Petty criminals set to be kept out of prison

JUDGES will soon be forced to consider imposing community service as an alternative to prison sentences, under new Government plans.

The move is aimed at diverting some of the thousands of people sentenced for relatively minor offences from an overcrowded prison system into the community.

Penal reformers have warmly welcomed the move and said prisons should be kept for serious offenders.

Justice Minister Dermot Ahern said his plan – which would be contained in new legislation – would not tell judges what type of penalty to impose, but rather instruct them to consider the option of community service orders (CSOs).

Mr Ahern said the initial idea was to consider granting CSOs to people who would be otherwise sentenced to terms of up to three or possibly six months. He said this would amount to “reasonably substantial numbers”.

The Irish Prison Service 2009 annual report shows that 5,750 people received sentences of less than three months in 2009 – up 63% on the figure for 2008.

A further 1,905 people received sentences of between three and six months – up 27% from the figures in 2008.

“Some judges do use it [community service] as an alternative, some don’t,” said Mr Ahern. “As a result of this [legislation] they will have to consider it. This is insisting the judges consider the option. It is not tying the judges’ hands. Ultimately it is a matter for them.”

He said the option would be for people convicted of relatively minor crimes, including some road traffic offences.

Work carried out by offenders on CSOs include supervised painting, decorating and landscaping in the community. Court orders range from 40 to 240 hours.

“You see it used more extensively in the US and places,” said Mr Ahern. “I think we need to go down that road and put people in prison who should be in prison for serious crimes.”

He said the Probation Service had the capacity to take on more CSOs.

He said the department had discussions with the service in the run-up to the recent Fines Act and that they said they could accept a “three-fold increase, at least” in such orders.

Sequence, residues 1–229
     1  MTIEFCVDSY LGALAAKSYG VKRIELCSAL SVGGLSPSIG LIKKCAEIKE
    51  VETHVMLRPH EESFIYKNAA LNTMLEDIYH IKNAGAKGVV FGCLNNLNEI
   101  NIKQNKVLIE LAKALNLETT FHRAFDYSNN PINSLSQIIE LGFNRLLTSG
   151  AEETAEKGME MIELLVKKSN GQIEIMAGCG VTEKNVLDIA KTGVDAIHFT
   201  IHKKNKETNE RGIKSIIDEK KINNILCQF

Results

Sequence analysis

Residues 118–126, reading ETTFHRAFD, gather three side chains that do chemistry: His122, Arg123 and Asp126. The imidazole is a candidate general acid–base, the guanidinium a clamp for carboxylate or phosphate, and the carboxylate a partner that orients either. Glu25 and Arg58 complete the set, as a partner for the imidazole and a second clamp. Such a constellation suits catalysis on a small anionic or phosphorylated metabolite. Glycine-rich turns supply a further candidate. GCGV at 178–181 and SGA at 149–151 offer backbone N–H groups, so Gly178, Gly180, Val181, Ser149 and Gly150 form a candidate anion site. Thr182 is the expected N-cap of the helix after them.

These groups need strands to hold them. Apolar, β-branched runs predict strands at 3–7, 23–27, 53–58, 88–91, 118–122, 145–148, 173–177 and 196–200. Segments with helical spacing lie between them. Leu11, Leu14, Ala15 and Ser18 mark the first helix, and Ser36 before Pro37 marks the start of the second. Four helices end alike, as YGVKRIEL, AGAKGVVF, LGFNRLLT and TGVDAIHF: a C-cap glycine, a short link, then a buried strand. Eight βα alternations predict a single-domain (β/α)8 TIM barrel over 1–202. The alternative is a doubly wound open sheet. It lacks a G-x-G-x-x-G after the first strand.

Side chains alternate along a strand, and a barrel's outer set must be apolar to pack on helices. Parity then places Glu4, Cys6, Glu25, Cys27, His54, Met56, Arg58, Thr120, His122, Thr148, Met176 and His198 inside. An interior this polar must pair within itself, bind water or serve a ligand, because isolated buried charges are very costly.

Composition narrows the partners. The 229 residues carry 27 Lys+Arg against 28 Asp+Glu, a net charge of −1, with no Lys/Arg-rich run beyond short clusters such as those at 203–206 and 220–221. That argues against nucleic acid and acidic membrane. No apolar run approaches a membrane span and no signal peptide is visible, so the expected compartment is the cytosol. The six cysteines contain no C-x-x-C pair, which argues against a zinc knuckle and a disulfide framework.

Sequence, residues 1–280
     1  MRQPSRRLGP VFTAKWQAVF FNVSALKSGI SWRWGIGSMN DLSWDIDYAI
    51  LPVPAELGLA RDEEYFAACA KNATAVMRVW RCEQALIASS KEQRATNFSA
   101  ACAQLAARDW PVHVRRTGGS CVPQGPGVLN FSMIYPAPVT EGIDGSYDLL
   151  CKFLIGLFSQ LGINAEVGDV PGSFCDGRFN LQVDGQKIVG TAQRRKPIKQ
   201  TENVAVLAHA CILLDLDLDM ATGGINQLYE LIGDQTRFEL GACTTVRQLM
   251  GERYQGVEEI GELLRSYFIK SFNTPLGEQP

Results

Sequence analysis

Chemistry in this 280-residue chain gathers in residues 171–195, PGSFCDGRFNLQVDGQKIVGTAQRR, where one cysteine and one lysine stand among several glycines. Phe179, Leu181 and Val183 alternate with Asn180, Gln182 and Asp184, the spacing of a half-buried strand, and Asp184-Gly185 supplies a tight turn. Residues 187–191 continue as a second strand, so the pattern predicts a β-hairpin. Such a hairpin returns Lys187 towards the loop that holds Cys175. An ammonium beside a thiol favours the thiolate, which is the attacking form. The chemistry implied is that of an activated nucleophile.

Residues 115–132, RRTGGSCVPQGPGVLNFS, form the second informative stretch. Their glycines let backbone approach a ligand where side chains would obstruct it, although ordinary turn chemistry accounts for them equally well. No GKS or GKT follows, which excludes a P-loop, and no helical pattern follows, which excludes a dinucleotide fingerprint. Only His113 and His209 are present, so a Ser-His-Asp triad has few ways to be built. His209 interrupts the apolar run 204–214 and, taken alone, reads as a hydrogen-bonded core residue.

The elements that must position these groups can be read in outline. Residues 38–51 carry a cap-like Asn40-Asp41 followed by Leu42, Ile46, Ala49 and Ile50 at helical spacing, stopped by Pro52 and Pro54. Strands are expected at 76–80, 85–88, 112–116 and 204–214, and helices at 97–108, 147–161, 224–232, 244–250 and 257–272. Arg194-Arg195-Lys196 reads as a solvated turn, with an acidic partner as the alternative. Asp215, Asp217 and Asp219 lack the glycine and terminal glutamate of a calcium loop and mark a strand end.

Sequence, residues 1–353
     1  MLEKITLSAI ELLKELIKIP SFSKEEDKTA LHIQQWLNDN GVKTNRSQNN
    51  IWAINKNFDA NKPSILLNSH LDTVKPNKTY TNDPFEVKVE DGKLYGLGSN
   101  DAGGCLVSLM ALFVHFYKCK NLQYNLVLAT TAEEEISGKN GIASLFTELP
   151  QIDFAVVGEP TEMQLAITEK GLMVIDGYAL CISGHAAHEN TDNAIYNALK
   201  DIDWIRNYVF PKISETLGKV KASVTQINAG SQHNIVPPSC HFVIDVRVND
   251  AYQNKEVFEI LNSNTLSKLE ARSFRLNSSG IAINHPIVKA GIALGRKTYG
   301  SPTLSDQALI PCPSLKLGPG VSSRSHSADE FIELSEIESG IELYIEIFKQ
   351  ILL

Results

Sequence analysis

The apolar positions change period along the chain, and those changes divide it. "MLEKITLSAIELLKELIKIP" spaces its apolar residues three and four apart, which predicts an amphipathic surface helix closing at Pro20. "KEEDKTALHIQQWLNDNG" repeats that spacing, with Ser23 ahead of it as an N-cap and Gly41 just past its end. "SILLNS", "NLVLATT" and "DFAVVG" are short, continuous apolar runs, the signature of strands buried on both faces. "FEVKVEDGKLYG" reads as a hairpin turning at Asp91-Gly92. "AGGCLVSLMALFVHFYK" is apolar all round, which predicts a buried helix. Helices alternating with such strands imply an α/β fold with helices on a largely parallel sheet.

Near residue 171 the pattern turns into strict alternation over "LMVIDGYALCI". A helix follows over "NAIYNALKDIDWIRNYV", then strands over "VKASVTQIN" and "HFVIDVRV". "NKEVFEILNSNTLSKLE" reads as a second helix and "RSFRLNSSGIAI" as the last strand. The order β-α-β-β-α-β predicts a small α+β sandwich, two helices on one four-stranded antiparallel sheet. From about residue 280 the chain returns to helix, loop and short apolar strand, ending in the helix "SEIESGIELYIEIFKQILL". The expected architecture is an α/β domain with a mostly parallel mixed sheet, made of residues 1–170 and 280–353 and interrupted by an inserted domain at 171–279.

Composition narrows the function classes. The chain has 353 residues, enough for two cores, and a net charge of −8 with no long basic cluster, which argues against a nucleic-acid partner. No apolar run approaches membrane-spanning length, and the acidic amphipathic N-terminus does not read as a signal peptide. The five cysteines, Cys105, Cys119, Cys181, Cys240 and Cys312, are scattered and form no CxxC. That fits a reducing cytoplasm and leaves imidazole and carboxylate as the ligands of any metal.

The Probation Service 2009 annual report said it received 1,667 CSOs in that year.

Mr Ahern said the plan and the Fines Act would help ease the pressure on prison overcrowding.

Liam Herrick of the Irish Penal Reform Trust (IPRT) welcomed Mr Ahern’s announcement: “IPRT’s core message is that imprisonment should only be reserved for the most serious offences and for those offenders who present an ongoing risk to society. Therefore, we very much welcome today’s announcement by the minister about what we hope will be a presumption against imprisonment for minor offences.

“Although we need to know more about the details, this looks to be a very positive and progressive step, and is in line with international recognition that short sentences do more harm than good.”

Mr Ahern revealed details of the proposal at the official opening on a new block in Wheatfield Prison, Dublin. The block has 176 cells, with an initial capacity to house over 200 inmates.

One prison source said the cells were slightly bigger than normal and that this was to “future proof” for doubling up the cells.

The block is clean, bright and airy and the modern cells have in-cell sanitation, showers, sprinklers, television and call systems.

Prison governor John Sugrue said the block was “strictly drug free” and had six wheelchair-accessible cells.


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